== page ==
Phone: 214-691-3535  •  After Hours Nurse: 855-456-6976  •  8325 Walnut Hill Lane, Suite #225, Dallas,TX 75231

Do You Have a New Baby? Or Are You Expecting One?

new-babyIf you have a newborn or are expecting a baby, the best thing you can do is get yourself and all family members vaccinated against pertussis, also known as whooping cough. After being vaccinated, immunity to pertussis declines between five and ten years. If you don't remember when you received your last tetanus shot, the Centers for Disease Control (CDC) and the Advisory Committee on Immunization Practices (ACIP) recommend getting a booster dose of Tdap that protects against pertussis as well as tetanus and diphtheria. For more information on this update, visit http://www.cdc.gov/mmwr/preview/mmwrhtml/mm6001a4.htm?s_cid=mm6001a4_w

Pertussis is a very contagious bacterial infection. The symptoms start like the common cold, with runny nose, congestion, mild cough, and maybe fever. Because symptoms in adults are generally milder, you could easily infect a baby or young child without knowing. Most babies who get pertussis are hospitalized from complications of the disease such as pneumonia or seizures. Infants under 6 months of age are at risk for sudden death and permanent neurological problems.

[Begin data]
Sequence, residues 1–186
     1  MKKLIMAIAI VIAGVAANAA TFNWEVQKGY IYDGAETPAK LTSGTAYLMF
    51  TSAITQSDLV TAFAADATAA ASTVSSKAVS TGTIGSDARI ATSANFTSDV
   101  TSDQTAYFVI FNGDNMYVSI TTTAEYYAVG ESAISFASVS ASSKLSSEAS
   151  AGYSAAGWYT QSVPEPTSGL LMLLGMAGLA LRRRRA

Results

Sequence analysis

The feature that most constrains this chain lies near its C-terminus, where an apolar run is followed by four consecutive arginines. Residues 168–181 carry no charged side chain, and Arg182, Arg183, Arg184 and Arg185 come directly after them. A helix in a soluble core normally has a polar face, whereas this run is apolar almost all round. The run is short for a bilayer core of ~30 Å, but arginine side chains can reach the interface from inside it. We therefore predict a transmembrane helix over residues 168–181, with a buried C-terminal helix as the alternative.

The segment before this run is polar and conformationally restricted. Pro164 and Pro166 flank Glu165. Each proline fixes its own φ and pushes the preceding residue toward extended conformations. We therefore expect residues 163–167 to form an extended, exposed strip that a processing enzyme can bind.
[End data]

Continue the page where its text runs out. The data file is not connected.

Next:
Nationally, pertussis is on the rise. In 2010, over 20,000 cases were reported to the CDC.
Again, we encourage all family members, siblings, grandparents, aunts, and uncles and any caregiver to get immunized. Contact your healthcare provider or you can receive the vaccine at our office. Our fee is $75.00 for the vaccine plus an administration fee. We will gladly submit this to your insurance company as long as it's not Medicare or an HMO.

For more information on other adult vaccines:
http://www.cdc.gov/Features/AdultVaccines